This website uses cookies to improve user experience. By using our website you consent to all cookies in accordance with our Cookie Policy. Read more

Abbey Mortgages notes rise in southern first-time buyers

05 September 2007
The number of first-time buyers living in the south has doubled in five years, despite them paying a third more for their new homes, according to new research.

Figures from Abbey Mortgages revealed that southerners buying their first homes now borrow an average of £128,370 - 31 per cent more than their northern counterparts.

Nici Audhlam-Gardiner, head of mortgages at Abbey, described the evidence of the north-south divide as "more of a gulf than a gap".

"Perhaps it shows that people in the south want to buy now – expecting prices to continue rising at a rapid rate, whereas buyers in the north feel they have less to gain in jumping on the property ladder," he suggested.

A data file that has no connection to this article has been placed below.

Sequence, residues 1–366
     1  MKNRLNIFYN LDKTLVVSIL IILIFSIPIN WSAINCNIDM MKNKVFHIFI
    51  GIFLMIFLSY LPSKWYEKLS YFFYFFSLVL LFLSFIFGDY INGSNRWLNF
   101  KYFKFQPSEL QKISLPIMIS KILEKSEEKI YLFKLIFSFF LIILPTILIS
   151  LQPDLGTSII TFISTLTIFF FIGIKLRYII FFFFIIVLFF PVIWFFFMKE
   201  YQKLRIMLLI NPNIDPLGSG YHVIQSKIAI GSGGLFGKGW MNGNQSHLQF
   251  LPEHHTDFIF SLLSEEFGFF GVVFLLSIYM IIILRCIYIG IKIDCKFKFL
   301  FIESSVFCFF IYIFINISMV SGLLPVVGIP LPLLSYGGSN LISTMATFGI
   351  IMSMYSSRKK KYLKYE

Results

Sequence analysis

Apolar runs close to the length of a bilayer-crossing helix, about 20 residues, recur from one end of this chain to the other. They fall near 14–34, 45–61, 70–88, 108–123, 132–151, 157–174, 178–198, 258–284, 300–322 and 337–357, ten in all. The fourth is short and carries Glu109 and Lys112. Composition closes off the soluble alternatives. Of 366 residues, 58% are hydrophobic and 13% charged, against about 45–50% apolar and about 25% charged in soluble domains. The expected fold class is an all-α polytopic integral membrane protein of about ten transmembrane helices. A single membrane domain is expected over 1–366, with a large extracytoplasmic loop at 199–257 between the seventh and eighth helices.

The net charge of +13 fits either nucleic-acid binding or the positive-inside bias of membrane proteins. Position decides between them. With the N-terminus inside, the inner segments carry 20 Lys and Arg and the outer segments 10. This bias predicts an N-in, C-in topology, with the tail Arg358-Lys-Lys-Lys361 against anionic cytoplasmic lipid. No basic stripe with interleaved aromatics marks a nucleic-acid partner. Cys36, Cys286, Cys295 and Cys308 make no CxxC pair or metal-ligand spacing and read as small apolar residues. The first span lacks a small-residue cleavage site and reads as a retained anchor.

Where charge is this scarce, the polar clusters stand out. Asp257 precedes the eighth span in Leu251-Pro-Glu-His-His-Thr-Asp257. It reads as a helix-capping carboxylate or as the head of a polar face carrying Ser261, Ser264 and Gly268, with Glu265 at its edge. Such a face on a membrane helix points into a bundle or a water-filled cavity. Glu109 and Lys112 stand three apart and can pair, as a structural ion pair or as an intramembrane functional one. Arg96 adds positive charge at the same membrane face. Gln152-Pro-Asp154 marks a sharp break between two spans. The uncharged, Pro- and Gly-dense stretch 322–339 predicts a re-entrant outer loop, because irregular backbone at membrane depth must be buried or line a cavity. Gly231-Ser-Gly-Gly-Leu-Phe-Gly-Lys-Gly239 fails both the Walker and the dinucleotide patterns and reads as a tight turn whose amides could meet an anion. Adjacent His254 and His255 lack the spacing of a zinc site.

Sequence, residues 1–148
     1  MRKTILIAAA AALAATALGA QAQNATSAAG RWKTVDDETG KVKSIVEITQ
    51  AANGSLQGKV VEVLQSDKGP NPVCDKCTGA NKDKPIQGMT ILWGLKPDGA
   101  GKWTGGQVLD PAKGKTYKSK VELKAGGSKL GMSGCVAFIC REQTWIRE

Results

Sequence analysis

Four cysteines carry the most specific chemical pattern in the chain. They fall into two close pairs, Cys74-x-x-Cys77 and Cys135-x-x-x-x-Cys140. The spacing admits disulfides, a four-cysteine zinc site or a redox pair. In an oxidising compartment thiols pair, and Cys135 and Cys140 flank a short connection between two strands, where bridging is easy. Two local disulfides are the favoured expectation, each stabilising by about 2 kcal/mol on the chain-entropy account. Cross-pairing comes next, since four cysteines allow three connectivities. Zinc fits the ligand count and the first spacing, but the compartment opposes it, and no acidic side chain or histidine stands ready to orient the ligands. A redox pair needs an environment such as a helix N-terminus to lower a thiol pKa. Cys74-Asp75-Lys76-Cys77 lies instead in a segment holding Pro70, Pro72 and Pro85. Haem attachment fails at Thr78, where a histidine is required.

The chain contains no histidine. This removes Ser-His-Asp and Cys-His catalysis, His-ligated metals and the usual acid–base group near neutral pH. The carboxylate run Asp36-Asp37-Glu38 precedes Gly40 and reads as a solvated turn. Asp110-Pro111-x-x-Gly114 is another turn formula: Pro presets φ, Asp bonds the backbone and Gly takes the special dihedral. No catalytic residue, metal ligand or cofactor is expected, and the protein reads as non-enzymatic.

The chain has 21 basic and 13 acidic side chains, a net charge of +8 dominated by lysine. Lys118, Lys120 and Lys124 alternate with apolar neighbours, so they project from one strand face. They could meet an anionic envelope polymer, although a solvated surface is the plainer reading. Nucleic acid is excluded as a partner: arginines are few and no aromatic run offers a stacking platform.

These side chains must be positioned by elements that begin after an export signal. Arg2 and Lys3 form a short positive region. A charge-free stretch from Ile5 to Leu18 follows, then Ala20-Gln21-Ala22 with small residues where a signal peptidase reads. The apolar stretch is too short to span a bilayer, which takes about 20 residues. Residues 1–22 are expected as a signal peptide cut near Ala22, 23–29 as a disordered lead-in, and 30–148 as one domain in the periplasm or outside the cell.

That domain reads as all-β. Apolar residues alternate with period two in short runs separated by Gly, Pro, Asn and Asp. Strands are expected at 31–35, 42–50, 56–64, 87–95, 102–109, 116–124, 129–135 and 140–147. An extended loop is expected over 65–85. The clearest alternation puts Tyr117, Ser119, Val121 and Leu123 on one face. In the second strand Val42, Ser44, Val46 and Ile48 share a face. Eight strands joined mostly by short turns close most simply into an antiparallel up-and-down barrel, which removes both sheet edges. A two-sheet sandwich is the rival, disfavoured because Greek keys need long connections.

Abbey has recently launched a 100 per cent mortgage aimed at first-time buyers who found it difficult to save up for a deposit, he said.

House prices increased by 0.4 per cent last month according to the Halifax House Price Index and figures over the past four months have indicated a slow-down.

Martin Ellis, chief economist, said that the market remained robust but he expected house prices to continue to slow in growth for the rest of the year.

Find out more about a first-time buyer mortgage

track© Adfero Ltd